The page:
ASUU Threatens Total Shutdown Until All Agreements With FG Are Met


The Owerri Zone of the Academic Staff Union of Universities has threatened a total showdown with the Federal Government over the non-implementation of the 2009 agreement.

During its press conference at the Nnamdi Azikiwe University, Awka, on Monday, the union said that it would embark on an indefinite strike as “the magnanimity of ASUU that resulted in various MOUs and MOAs arising from the 2009 agreement has been spurned by the Federal Government.”

In attendance were leaders of the union from Nnamdi Azikiwe University, Awka, Federal University of Technology, Owerri, Imo State University, Owerri, Chukwuemeka Odumegwu Ojukwu University, Igbariam and Michael Okpara University of Agriculture, Umudike.

In his address to journalists, the ASUU Zonal Coordinator, Uzo Onyebinama, said that some lecturers are being owed as much as 10 months’ salary.

“As we speak now, the Federal Government is in arrears of major components of the agreement, and that includes funding for the revitalization of public universities, earned academic allowances, and the renegotiation of the 2009 agreement.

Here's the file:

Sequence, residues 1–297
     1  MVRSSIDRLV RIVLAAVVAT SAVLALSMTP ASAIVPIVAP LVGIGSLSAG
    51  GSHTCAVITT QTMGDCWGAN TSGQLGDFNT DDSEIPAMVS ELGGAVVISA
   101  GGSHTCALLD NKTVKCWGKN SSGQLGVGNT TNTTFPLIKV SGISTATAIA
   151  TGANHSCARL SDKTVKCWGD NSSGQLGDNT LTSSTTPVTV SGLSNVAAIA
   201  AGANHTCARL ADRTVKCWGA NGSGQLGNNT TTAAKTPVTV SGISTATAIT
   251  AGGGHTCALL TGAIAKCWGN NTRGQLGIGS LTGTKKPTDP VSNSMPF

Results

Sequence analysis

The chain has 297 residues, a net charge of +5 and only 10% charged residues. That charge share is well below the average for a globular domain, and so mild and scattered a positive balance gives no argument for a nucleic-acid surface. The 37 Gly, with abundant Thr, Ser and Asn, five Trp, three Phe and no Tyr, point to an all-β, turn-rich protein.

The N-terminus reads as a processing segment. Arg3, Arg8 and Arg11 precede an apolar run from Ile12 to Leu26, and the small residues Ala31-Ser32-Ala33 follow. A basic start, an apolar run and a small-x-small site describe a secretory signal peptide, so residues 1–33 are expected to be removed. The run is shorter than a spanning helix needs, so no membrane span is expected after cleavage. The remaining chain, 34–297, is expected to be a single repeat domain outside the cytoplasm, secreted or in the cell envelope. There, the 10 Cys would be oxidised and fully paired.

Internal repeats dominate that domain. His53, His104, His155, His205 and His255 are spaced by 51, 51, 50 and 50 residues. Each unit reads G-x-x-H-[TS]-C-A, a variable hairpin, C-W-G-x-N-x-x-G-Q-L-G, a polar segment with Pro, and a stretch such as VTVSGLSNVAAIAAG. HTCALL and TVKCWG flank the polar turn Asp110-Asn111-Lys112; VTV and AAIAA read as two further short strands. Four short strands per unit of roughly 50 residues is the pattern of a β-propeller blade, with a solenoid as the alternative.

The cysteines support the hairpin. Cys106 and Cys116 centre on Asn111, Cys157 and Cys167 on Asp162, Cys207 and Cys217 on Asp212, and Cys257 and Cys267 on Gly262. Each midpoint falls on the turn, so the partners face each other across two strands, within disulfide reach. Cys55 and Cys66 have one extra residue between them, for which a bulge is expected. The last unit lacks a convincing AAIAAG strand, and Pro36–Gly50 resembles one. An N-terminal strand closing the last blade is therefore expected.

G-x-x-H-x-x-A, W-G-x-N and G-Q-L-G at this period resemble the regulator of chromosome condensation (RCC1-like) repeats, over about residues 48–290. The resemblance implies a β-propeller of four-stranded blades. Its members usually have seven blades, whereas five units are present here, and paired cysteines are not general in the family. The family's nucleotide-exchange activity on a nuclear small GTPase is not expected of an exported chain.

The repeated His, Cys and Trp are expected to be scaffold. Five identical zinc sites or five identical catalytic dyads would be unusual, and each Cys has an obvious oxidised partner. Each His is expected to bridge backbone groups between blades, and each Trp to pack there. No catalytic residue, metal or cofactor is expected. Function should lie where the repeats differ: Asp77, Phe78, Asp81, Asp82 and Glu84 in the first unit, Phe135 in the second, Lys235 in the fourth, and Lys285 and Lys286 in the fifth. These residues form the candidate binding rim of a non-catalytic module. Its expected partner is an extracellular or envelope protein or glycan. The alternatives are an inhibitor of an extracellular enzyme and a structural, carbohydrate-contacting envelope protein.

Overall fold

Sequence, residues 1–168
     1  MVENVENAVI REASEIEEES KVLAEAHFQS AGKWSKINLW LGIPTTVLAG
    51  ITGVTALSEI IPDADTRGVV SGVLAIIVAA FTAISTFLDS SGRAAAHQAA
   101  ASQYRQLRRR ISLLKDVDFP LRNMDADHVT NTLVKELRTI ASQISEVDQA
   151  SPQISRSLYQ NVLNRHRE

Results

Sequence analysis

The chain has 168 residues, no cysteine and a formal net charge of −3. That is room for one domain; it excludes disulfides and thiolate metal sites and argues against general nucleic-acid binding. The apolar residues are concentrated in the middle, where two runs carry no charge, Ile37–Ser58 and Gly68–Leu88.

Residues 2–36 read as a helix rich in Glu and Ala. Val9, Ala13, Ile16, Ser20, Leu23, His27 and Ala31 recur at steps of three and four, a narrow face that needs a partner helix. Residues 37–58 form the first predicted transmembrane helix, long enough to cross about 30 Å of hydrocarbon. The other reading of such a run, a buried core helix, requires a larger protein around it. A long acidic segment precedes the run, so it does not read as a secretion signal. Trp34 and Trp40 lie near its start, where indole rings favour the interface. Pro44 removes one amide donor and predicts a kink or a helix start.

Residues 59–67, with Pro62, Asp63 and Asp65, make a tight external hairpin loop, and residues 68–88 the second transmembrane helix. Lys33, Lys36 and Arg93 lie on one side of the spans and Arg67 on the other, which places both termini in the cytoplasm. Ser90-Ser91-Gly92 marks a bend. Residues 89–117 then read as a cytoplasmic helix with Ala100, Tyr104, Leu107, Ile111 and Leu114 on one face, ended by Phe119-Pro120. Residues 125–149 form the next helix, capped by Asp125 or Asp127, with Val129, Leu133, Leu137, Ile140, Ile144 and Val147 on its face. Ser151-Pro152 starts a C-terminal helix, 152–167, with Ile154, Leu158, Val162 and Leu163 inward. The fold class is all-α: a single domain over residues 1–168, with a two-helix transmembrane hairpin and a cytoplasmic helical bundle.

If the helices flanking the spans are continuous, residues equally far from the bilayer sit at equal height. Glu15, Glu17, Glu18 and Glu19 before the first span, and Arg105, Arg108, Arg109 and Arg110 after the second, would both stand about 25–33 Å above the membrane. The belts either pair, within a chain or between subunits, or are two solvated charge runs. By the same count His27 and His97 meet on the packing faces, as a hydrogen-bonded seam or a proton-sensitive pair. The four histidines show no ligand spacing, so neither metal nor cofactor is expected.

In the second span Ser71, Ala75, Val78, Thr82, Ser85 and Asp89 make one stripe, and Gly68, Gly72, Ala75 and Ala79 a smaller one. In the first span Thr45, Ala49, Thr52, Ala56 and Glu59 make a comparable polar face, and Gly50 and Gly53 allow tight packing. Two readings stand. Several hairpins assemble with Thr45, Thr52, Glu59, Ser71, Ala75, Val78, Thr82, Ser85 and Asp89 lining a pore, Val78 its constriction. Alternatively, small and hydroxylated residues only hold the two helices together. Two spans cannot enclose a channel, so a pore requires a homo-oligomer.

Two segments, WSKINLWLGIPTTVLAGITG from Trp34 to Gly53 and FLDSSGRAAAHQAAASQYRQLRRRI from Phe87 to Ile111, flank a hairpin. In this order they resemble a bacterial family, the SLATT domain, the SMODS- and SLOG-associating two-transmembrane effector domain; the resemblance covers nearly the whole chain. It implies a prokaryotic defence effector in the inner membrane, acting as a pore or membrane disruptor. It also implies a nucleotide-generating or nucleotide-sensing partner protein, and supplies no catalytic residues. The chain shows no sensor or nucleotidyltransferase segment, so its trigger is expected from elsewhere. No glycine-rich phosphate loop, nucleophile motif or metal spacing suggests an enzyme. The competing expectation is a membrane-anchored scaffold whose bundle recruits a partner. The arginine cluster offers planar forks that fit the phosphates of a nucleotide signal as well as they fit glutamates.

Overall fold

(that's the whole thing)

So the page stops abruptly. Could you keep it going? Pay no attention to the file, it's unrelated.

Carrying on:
“The consequences of the Federal Government’s refusal to implement the 2009 agreement is that the union has resolved to go on an indefinite strike any moment and once it begins, it will not stop until all agreements are fulfilled.”

Similarly, the Benin Zone of ASUU has said the impending strike by the nation’s university lecturers is a last attempt at drawing government attention to their plights and not to disrupt academic activities.

READ ALSO: ASUU Announces Date For Strike, FG Says Promises Made Under Duress

The zonal Coordinator of the Benin Zone ASUU, Prof. Fred Esumeh, stated this in Benin, Edo State.

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Esumeh said, “Strike is less frequent in the western world because their governments act. But here in Nigeria, you have to go on strike frequently before government can act.”

Describing members’ remuneration as slave wage, the zonal coordinator demanded a new condition of service.

He said, “The Nigerian universities are no longer attractive to foreign lecturers, including those from neighbouring countries.

“This is due to the prevailing slave wage where the highest ranked professor earns less than a thousand dollars monthly.”


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